Actor 1: “Hey, you got peanut butter on my chocolate.”

Actor 2: “Well you got chocolate in my peanut butter.”

This 1970’s ad campaign of “Two Great Tastes that Taste Great Together” put Reese’s Peanut Butter Cups on the map.

Know what else makes a great combo? IT Service Management (ITSM) and IT Asset Management (ITAM).

Historically Separate Disciplines

Traditionally detached disciplines, ITSM ensures timely delivery of essential services and support for the enterprise, while ITAM discovers and tracks the hardware and software assets for those services and optimizes the overall value, costs and compliance across the asset lifecycle.

These two practices are typically implemented in separate areas of the organization with different business objectives and goals, yet their processes and data are highly interrelated. When IT is structured along operational silos, gaining visibility and automating manual processes across the IT landscape becomes a real challenge. Separate teams, tools and objectives limit information and data sharing and isolate ITSM and ITAM from one another.

In contrast, ITSM and ITAM closely aligned and integrated means many activities and processes become more automated, efficient and responsive — with fewer things “falling through the cracks.” IT teams gain greater insight and are better positioned to implement more proactive practices that increase service levels and efficiency at lower cost.

Benefits of Combining ITSM and ITAM Processes: Five Use-Case Examples

This blog and its upcoming Part 2 companion post cover five use-case examples where combining ITSM and ITAM processes, data and insights can be part of an overall plan for IT to maximize operational efficiencies and improve service delivery, while also optimizing compliance and cost.

The first two use cases discussed below are: 1) Empowering Users with Self-Service; and 2) Faster, Better Incident Resolution. The Part #2 post covers the remaining three: 3) Tackle Problem Assets with Proactive Management; 4) Effective Change Management; and 5) Complete Lifecycle Visibility.

1. Empowering Users with Self-Service

IT service desks often lack the visibility into what software applications are available and how they’re being used. This hobbles the effort to fulfill self-service requests quickly, plus organizations end up purchasing more software, creating unnecessary spend and compliance issues. With unified ITSM and ITAM processes, you can reclaim or re-harvest unused software to cut costs and optimize existing asset performance.

For example, let’s say Jane, a sales manager, needs Microsoft Visio but doesn’t have the application and can’t afford to lose several days waiting for the purchase and installation of the software:

  1. She tries to launch Visio, but access is denied
  2. Traditionally, she would call the service desk to make the request
  3. The support desk analyst would send a task to the purchasing department, which would order a new software license after waiting to get approval for the purchase
  4. IT would send a confirmation to Jane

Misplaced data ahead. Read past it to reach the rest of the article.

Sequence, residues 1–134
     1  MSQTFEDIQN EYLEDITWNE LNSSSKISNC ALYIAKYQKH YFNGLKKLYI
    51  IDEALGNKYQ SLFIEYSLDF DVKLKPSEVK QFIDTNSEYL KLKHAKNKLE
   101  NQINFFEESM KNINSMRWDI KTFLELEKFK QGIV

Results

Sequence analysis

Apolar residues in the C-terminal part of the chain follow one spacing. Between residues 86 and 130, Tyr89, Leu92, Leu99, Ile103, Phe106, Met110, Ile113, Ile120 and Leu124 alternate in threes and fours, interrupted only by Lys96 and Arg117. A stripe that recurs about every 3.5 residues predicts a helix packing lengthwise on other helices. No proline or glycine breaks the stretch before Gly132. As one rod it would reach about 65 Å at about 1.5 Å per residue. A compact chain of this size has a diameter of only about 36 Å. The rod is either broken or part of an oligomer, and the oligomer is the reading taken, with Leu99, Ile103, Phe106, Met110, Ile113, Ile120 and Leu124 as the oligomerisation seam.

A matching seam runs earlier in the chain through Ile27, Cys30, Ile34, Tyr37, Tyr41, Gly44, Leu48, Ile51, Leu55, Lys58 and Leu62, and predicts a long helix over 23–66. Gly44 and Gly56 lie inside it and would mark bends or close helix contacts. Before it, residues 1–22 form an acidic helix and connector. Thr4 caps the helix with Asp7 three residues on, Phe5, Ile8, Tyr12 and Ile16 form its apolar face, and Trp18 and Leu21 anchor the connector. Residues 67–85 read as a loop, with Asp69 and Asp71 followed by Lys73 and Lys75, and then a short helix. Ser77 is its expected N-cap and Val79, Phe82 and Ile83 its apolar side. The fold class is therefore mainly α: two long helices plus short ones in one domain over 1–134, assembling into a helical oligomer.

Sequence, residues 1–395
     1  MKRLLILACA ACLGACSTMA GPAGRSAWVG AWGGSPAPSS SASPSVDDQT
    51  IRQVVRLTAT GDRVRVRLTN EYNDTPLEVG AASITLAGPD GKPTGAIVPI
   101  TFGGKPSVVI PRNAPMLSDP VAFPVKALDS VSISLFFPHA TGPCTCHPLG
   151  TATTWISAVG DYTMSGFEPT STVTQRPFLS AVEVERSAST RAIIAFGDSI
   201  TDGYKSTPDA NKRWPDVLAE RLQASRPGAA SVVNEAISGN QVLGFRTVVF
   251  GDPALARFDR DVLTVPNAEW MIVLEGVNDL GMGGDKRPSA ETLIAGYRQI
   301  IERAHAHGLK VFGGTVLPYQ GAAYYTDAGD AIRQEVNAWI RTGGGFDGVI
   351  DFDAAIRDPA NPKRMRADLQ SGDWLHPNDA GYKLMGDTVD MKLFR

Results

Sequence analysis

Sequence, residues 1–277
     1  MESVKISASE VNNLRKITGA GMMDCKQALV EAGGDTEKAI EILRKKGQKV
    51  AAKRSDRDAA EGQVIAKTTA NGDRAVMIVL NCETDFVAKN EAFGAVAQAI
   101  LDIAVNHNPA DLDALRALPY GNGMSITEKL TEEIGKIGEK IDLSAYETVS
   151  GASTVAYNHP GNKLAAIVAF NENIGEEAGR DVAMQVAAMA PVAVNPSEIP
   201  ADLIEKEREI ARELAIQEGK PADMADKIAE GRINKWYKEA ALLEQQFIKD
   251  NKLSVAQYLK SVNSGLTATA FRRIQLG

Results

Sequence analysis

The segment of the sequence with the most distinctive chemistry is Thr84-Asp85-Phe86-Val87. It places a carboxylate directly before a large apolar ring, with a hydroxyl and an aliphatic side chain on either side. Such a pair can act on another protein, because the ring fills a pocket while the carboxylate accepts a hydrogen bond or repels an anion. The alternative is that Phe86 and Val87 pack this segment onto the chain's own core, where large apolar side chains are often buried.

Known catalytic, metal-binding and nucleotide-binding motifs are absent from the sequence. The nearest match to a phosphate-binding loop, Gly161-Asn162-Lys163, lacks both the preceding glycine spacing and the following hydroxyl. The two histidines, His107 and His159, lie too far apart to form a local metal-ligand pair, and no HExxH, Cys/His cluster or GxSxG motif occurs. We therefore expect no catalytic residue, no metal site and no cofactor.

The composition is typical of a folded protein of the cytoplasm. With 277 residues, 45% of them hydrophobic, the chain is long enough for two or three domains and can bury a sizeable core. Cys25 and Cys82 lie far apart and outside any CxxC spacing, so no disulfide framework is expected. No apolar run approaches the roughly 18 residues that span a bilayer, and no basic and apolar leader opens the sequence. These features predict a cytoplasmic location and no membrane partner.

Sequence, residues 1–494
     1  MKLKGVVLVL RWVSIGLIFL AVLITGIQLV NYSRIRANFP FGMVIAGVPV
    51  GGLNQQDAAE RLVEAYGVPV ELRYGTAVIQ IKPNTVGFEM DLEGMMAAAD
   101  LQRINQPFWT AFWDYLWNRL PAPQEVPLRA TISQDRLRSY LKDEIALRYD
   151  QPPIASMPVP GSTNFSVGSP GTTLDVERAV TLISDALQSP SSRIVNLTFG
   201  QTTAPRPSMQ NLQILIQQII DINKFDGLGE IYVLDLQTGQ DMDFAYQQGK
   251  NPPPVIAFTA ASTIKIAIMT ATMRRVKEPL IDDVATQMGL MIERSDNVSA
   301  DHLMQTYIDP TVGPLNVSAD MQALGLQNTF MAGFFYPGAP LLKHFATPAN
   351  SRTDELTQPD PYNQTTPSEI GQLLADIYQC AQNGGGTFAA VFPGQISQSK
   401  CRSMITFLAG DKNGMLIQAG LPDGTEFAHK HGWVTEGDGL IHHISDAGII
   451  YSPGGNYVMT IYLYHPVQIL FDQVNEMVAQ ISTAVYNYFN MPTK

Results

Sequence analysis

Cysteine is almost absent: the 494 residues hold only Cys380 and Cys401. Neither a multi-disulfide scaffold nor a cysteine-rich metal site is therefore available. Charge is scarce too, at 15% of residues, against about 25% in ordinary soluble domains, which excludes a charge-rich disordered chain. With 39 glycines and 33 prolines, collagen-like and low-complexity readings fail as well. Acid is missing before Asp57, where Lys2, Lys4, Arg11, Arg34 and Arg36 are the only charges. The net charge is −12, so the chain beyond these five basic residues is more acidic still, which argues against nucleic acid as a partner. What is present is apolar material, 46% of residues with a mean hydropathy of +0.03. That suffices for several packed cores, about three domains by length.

5. The IT technician would perform a manual lookup of the device and the user and initiate the Microsoft Visio installation — now several days after the initial request.

Let’s now assume ITSM and ITAM are working together, accelerating software-request processes for users via self-service:

  1. When Jane submits her request for Microsoft Visio, the system checks and identifies that Visio licenses are available, yet unused
  2. The Visio application can then be assigned to Jane, and through endpoint management processes, installed automatically in compliance with entitlement
  3. The service management solution documents and tracks the process, notifies Jane and closes the software request

The whole process finishes in minutes instead of days, empowering users and freeing the service desk to focus on other strategic projects.

2. Faster, Better Incident Resolution

Businesses stay productive and employees stay satisfied when the Service Desk can resolve incidents more quickly and effectively. Consider Michael, an employee who contacts the Service Desk because his laptop doesn’t charge or shut down properly:

  1. If the Service Desk has visibility into the complete asset record of the laptop, they can see it was acquired only a few months earlier and is still under warranty
  2. With this asset visibility, the analyst handling the incident can choose to do a warranty replacement rather than spend resources trying to fix the laptop internally
  3. The analyst can also check the asset repository for an available loaner or replacement laptop so Michael can keep working
  4. When the faulty laptop is returned, any software licenses associated with the device can be reclaimed for re-use by other employees

This simple laptop example shows how the business could benefit from leveraging asset information for faster resolution times, increased employee satisfaction and lower support costs without sacrificing quality. With greater hardware and software information, analysts can more quickly identify possible causes for other types of common incidents, such as lower performance or application crashes, which could be due to insufficient RAM or conflicting software versions. Plus, logging all the steps and actions assists in analysis or in audit requirements later on.

Learn More in the Companion Blog

You’ll find three more use-case instances of how ITSM and ITAM are better together in Part 2 coming soon.

Catch Our Webinar Replay

Check out our recorded webinar Why IT Service & Asset Management Are Better Together. Our presenters share insights for solving business problems proactively with ITSM and ITAM. You’ll also hear interesting true stories such as what a cookie monster has to do with potential IT security threats.